P. Hitchens’s war against BNP continues
(Note: in this entry, see my discussion
of what P. Hitchens means by the “racial bigotry” to which he says the BNP is “indissolubly wedded” through its constitution; and see Sage McLaughlin’s expansion
on the same point. Also be sure to see my December 2007 entry
, “P. Hitchens: if you think race matters, you’re not a civilized human being.”)
Philip M., an amiable and witty fellow whose devilish horns and evil tendencies I haven’t yet detected, writes from England:
Sometimes being in the BNP is like being kicked repeatedly in the head by people as they castigate you for your violence (actually it is increasingly likely that that will be literally true one day). I suppose it is interesting that Peter Hitchens felt the need to return to his blog about the BNP a third time, but the dishonest and ridiculous stance he takes has made me lose all regard for someone whom I once admired and whose books I earnestly respected.
For a “traditionalist” to espouse the open-ended colonisation of our land by third-world races and cultures, to believe that he can somehow create a multi-racial version of old, European-stocked, Christian England is to be guilty of the very “unreason” he accuses the BNP of. We commit a cardinal sin by daring to notice that races exist and that they are very obviously different, and that nowhere in History, Science or the teachings of his own religion has this truth been contradicted.
In his recent piece on the election of Barack Obama he lamented the influence of the immigrant vote to the Democrats, and the fact that this will change America, but like all true race-deniers he must not draw the obvious conclusions about his own land, where Islamic immigrants, and others are being used as a battering ram to destroy the very foundations of our race and culture. He must, like Nelson, do the decent, moral thing and hold up the telescope to his blind eye and thus knowingly collude in a Marxist-manufactured state lie.
And then, right at the end, Hitchens lets the mask slip just a little as he feels the need to telegraph something important to any left-wingers who have not got the subtle message-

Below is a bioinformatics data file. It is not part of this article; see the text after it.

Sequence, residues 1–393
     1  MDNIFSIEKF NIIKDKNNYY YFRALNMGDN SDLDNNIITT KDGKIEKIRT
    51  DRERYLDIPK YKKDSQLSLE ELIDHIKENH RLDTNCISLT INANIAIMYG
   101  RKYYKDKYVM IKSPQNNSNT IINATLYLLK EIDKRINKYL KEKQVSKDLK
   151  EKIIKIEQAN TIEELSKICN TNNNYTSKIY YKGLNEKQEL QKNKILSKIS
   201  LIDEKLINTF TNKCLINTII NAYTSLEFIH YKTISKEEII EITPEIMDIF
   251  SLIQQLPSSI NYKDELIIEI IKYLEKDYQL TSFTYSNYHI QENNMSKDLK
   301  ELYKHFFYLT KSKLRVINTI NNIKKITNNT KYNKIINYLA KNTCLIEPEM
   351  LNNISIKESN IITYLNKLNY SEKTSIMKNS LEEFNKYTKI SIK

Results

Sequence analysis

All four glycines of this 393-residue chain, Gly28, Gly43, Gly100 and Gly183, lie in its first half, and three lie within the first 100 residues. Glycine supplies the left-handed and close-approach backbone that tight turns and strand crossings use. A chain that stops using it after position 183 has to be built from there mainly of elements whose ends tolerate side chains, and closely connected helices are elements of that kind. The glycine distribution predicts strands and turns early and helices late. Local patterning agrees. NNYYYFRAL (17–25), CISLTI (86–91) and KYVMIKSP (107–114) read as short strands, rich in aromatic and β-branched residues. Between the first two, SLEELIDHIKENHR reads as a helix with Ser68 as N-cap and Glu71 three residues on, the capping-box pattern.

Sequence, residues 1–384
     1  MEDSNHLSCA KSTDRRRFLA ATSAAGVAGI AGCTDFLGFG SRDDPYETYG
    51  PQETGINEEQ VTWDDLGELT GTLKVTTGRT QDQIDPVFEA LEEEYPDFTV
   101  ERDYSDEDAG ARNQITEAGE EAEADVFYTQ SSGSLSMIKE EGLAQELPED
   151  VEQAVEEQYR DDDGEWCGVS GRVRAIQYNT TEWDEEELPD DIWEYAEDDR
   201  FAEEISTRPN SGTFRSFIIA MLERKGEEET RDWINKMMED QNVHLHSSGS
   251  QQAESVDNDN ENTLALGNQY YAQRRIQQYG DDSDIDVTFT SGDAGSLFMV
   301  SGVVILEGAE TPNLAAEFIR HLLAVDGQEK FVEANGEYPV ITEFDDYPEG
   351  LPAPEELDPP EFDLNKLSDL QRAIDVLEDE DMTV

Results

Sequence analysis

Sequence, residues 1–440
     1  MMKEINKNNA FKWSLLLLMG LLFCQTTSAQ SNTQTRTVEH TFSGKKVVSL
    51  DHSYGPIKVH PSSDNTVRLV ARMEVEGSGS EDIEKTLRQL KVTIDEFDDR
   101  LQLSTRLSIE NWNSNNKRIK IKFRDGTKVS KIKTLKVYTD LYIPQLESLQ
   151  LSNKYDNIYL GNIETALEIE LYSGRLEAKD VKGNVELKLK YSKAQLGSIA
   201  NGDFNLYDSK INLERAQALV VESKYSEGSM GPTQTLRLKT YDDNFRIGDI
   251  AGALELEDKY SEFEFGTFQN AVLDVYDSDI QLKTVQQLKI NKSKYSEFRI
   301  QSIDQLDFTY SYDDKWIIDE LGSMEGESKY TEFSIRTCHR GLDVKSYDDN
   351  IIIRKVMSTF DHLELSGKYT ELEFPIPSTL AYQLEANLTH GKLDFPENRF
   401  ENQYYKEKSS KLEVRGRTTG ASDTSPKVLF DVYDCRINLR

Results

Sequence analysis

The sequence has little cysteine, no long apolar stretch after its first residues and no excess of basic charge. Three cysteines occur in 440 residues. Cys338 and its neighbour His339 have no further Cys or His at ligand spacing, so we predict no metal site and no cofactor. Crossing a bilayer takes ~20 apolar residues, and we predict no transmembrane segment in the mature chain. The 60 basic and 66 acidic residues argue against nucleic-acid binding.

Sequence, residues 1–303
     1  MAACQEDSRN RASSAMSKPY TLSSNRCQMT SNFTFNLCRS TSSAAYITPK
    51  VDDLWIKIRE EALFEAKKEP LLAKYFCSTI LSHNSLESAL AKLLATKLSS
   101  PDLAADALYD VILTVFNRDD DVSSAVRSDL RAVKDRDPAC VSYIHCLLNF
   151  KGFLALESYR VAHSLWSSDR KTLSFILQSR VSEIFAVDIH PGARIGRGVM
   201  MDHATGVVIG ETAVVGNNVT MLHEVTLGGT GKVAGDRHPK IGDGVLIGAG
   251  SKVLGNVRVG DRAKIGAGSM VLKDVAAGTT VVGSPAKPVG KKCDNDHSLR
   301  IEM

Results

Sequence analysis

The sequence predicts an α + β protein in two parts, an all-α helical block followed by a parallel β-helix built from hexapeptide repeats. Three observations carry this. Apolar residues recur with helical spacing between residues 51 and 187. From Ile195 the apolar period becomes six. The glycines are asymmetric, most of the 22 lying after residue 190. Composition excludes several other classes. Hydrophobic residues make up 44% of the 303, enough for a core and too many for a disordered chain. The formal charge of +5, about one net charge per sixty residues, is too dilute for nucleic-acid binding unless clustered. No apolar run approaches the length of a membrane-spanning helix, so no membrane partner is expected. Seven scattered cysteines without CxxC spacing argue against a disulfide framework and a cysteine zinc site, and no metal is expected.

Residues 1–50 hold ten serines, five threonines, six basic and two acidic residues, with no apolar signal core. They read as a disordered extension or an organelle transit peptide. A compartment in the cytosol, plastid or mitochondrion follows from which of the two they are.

“I am however most grateful to the pro-BNP contributors for their hostility, and for establishing that they are sensitive to criticism from me, and do not like it. My other enemies, on the left, will now never be able to say I did not stand up to this thing, or allege that I am in some way sympathetic to the BNP. And I will also know for certain that, every time I attack the BNP, it will do a little bit of damage to the BNP cause. ”
Ah, so that was it. Hitchens has carefully staked out the limits of “acceptable” traditionalism, and is assuring his ideological minders to the left of him that he will not stray further in these tense times. This article will be his “get out of jail” card should the police come tumbling through his door at four in the morning.
He is lying. They are all lying. In “The return of the Living Dead,” one of the best zombie films, a character responds to the suggestion that they kill the zombies by pointing out “but how do we kill someone that’s already dead?”
It’s a good question.
Here is the core of Hitchens’s argument:
“[The BNP] is still wedded indissolubly, through its constitution, to specific racial bigotry, an invariable symptom of unreason.”
What he means by “racial bigotry” is simply the belief that Britain ought to be remain a white country, with a population recognizably like its historic population. Thus anyone who resists the racial transformation of Britain into a wholly different country is by definition bigoted and irrational. (It’s like the Darwinists saying that anyone who doubts Darwinism is irrational.) Hitchens is an extreme racial liberal, yet he imagines himself to be a traditionalist conservative.
Second, the tone of the column as a whole is very low, just a lot of abuse directed at those who defend the BNP.
On another point, I don’t think there’s anything wrong with staking out acceptable limits. That’s what leadership is. The question is not whether there should be limits, but what the limits should be. As I said the other day, Hitchens doesn’t have to support BNP, but for him to treat as his special enemy the only organized group in Britain that stands against the leftist multicultural destruction of England only strengthens the left that he supposedly opposes. I think anyone who wants mainstream British politics to move right, as Hitchens says he does, should want the BNP to do well, as that will have the effect of getting the more respectable types to move right. To eliminate the BNP as a force, which is what Hitchens wants, only solidifies the rule of the Tory-Labor-Independent Party.